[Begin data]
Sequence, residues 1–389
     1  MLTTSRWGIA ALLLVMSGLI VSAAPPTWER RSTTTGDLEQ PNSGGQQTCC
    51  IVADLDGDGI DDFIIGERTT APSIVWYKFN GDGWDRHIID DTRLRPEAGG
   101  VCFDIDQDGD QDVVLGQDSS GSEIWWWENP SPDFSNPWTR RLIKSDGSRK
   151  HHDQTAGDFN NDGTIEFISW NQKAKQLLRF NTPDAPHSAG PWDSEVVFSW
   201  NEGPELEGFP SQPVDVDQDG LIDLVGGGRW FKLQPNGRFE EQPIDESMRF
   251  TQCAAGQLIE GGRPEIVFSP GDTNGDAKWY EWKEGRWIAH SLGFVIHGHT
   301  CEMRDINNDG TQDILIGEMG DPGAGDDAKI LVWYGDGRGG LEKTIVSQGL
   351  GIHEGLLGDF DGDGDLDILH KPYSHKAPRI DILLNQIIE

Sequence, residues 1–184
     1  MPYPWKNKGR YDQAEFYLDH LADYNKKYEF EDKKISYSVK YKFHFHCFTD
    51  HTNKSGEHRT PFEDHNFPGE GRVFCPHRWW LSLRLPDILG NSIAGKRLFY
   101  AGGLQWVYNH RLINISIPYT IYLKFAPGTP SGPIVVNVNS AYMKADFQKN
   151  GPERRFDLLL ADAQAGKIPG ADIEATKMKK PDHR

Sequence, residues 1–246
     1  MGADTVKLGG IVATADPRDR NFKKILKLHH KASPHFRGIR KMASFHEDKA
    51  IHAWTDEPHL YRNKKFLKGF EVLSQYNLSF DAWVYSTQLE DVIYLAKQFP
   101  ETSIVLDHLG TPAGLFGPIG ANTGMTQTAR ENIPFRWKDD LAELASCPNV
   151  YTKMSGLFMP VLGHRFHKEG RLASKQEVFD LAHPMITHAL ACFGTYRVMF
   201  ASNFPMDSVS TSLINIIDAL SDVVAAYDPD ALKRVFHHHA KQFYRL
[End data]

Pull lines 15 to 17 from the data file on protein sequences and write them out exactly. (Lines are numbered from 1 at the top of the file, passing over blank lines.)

Sequence, residues 1–246
     1  MGADTVKLGG IVATADPRDR NFKKILKLHH KASPHFRGIR KMASFHEDKA
    51  IHAWTDEPHL YRNKKFLKGF EVLSQYNLSF DAWVYSTQLE DVIYLAKQFP